Good News for Jerks
"Instead, we will speak the truth in love, growing in every way more and more like Christ, who is the head of his body, the church. He makes the whole body fit together perfectly. As each part does its own special work, it helps the other parts grow, so that the whole body is healthy and growing and full of love."1
I'm sure you've heard or read about the book authored by Thomas Harris, I'm OK–You're Ok, that was published some years ago. A humorist adapted it to say, "I'm not okay–and you're not okay–but that's okay." I read an even funnier suggestion not so long ago where an author said he would like to write a book and title it, I'm a Jerk–You're a Jerk (although he used a much stronger word than jerk).
This wasn't intended to put people down, but to realize that it is such a liberating experience when we admit what we are, because only then are we free to change.
The reality is that everybody at times feels insecure and not okay. And it's okay to feel this way. Once we admit it, then we don't have to quit living and pretending as if we don't feel that way. It's called being authentic.
It starts with courageous honesty and admitting who and what we are. On one occasion in a support group I was leading after a comment I made to a lady she retorted, "Innes, you are a j with an erk." So I replied, "You're correct. Sometimes I am a jerk." That's a fact. If I get defensive and deny it, I will never improve, but if I admit this and all my faults, which, by the way is vital for self-acceptance, I am then free to grow and improve.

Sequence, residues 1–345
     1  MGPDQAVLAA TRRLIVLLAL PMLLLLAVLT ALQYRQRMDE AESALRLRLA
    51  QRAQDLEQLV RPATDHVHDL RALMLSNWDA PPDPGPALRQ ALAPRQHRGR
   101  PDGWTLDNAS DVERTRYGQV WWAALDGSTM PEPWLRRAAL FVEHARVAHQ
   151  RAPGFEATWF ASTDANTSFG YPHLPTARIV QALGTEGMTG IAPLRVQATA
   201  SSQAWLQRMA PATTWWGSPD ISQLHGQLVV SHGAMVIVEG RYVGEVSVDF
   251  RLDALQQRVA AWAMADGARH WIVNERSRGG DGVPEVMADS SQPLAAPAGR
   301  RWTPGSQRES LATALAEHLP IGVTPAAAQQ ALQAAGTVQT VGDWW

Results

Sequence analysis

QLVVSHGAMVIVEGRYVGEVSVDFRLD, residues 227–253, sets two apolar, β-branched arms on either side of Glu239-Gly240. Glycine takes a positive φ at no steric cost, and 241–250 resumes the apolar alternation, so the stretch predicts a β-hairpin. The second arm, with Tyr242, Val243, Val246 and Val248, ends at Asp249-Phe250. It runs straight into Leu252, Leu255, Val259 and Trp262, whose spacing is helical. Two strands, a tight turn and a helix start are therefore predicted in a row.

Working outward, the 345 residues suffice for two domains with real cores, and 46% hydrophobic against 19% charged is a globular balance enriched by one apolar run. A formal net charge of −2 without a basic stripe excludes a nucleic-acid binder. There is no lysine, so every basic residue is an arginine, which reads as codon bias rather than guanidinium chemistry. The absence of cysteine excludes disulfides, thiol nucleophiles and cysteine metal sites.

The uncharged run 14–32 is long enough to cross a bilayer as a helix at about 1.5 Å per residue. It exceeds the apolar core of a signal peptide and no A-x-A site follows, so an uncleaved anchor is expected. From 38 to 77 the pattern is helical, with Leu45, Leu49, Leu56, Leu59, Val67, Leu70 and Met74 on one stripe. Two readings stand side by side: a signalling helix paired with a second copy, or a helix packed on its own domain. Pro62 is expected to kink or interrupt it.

When we are truly honest with ourselves and learn to love and accept ourselves as we are, warts and all—the way God loves and accepts us—we gain a much healthier sense of self-love and self-acceptance. Realizing however, that while God loves and accepts us as we are, he loves us too much to leave us as we are. His goal is that we not only become followers of Jesus but that we grow to become whole and mature in every area of life.
Suggested prayer: "Dear God, please help me to see myself as you see me—warts and all—and learn to love and accept myself as you love and accept me so that I am free to grow and become more and more like Christ in every area of my life. Thank you for hearing and answering my prayer. Gratefully, in Jesus' name, amen."
1. Ephesians 4:15-16 (NLT).
All articles on this website are written by
Richard (Dick) Innes unless otherwise stated.